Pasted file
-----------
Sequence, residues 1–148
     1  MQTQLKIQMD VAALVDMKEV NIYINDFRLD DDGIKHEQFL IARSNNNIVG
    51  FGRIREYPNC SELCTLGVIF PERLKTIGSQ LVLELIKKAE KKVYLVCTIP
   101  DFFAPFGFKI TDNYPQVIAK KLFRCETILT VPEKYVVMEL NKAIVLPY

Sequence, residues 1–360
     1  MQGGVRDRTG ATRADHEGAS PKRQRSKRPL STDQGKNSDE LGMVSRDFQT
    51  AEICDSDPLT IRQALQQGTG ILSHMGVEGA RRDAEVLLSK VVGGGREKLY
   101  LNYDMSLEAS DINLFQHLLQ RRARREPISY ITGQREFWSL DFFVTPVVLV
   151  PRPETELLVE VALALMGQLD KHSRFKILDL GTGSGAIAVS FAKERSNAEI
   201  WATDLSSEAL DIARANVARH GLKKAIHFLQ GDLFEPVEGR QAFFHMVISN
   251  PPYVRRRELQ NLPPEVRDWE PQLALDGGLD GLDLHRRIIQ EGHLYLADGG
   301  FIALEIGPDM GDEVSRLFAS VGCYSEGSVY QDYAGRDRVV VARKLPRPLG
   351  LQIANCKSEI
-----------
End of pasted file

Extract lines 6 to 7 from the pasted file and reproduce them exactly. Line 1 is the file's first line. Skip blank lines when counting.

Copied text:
     1  MQGGVRDRTG ATRADHEGAS PKRQRSKRPL STDQGKNSDE LGMVSRDFQT
    51  AEICDSDPLT IRQALQQGTG ILSHMGVEGA RRDAEVLLSK VVGGGREKLY